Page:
Wednesday, April 20, 2011

Money Savings on the Farm ...

Building advice from a 1946 farming book ...
"Many farms do not have running water. Naturally this will be one of the first major improvements a farmer will make; but until running water is available, here's the way to construct a practical shower bath for less than a five-dollar bill. 
Choose a corner of the shed, ell, or a back room. Have a sheet metal pan made at the local tinsmith's. It should be 4 feet long, 3 feet wide, and the sides should be 6 inches high. At one end, flush with the bottom, have an inch hole. Have a pipe from the hole go through the side of the shed or house.
Set the pan on a sufficient slant so the water will drain out and carry most of the dirt with it. Then at the high end of the pan, set a two-by-four or a peeled oak post three inches in diameter. The post must be firmly nailed at the top and fit tightly against the bottom of the pan. At about 5 3/4 feet from the floor of the pan, drive a spike into the side of the post. On this spike hang a 12-quart garden watering can with the spray-type nozzle. Twelve quarts will give a person an ample bath. as the water runs out, the can turns slowly downward so the shower keeps going.
Around the whole thing hang a regular shower curtain or oil cloth. The writer has been using this type of shower for 13 years and knows how it works. When one comes in sweaty and dirty from the field, there's nothing so refreshing as a good shower. The water necessary for tempering cold water is heated on the kitchen oil stove. In very hot weather an extra pail of cold water may be appreciated.
If one has this shower in a small room or a section closed in by canvas, it would be possible to use it the year round by warming the nook with a portable oil heater or an electric sunbowl."
I bet you are wishing you hadn't gone to the expense of installing that fancy shower in your house. All you needed was a 12-quart garden watering can! Of course it's only funny now because of the advancements we have made ... I'm sure in 1946 it was helpful!


Yeoman said...

You know though, one of the real shifts in farming was a change, post 1919, as to what farmers expected in terms of a "standard of living".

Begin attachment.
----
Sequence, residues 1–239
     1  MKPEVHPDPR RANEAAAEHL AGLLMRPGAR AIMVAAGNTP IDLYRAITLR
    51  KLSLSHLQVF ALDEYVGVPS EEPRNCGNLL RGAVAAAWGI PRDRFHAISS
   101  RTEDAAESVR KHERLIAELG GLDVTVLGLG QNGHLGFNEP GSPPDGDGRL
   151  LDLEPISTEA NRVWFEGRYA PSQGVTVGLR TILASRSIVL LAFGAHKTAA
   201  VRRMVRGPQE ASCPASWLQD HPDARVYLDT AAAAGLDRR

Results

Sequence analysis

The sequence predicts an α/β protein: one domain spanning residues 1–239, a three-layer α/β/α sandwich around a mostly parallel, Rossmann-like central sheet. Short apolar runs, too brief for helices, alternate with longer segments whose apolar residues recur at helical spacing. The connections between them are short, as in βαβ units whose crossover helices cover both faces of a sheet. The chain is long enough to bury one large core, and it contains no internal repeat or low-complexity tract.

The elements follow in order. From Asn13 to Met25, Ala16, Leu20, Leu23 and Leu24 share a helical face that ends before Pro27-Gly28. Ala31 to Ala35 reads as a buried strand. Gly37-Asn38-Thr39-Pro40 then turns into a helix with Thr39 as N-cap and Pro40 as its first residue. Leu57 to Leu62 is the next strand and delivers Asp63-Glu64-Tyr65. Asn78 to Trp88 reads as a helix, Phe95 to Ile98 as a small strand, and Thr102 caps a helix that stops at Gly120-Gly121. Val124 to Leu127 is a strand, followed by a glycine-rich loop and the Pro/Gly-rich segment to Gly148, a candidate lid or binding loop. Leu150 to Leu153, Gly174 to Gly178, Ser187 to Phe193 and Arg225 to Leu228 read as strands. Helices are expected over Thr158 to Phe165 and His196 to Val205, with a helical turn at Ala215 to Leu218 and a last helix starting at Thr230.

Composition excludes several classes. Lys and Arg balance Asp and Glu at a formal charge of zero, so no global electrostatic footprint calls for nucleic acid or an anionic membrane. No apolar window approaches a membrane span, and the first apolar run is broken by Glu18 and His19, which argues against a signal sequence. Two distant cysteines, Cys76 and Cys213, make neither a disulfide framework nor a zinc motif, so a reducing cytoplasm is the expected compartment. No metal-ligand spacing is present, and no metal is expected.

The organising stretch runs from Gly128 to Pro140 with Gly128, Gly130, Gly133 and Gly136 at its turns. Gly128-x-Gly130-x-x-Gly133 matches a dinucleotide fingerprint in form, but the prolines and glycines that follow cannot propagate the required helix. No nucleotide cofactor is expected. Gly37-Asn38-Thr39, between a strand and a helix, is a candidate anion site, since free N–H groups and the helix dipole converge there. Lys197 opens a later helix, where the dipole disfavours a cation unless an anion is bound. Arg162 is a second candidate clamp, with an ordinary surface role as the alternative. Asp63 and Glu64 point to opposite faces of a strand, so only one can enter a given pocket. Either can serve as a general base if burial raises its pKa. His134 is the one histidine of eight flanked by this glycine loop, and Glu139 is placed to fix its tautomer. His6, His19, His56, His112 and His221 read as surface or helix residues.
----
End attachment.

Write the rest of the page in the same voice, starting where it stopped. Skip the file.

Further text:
I can't recall what book I read it in. It may have been in Problems of Plenty, or in the short biography of Willis Cochrane that was written a few years ago, but the author actually documented that prior to around 1919, farm families had a different set of economic expectations as opposed to those in town. Later, probably really staring in with the New Deal, and accelerating thereafter, the Department of Agriculture actually encourage farmers to expect the same sort of living as those in town had. Their thinking was well meaning, but it wasn't well thought out.

That was a highly materialistic way of looking at life, and it essentially encouraged a view that what really mattered in life was stuff. People in town had more stuff, in their little town lots and small (by modern standards) homes. But given their jobs, this made sense. Rural people had less of that sort of stuff (and more of other sort of stuff), but they were encouraged to think that they needed the same stuff.

That's not really easy to do, if you are really living in the sticks. Farmers in Montana complain today about the Hutterites, who are very hard to compete with economically, but the reason for that is that they need less stuff.

I'm not saying that we should forgo hot showers (indeed, I'm not saying that at all), but in large part what makes farming or ranching worthwhile is the lifestyle. The distractions of town life are just that. Being more self sufficient where we can, and worrying less about Xbots or whatever is probably a sound idea.

mySavioReigns said...

An aunt of mine was just telling me the other day about something very similar. Her grandmother had this type of "shower," but it was outside... they used it a few times a week. She said that her grandmother ended up getting a bathtub with indoor plumbing and...used it to hold her plants! Lol, she said she never would use it.

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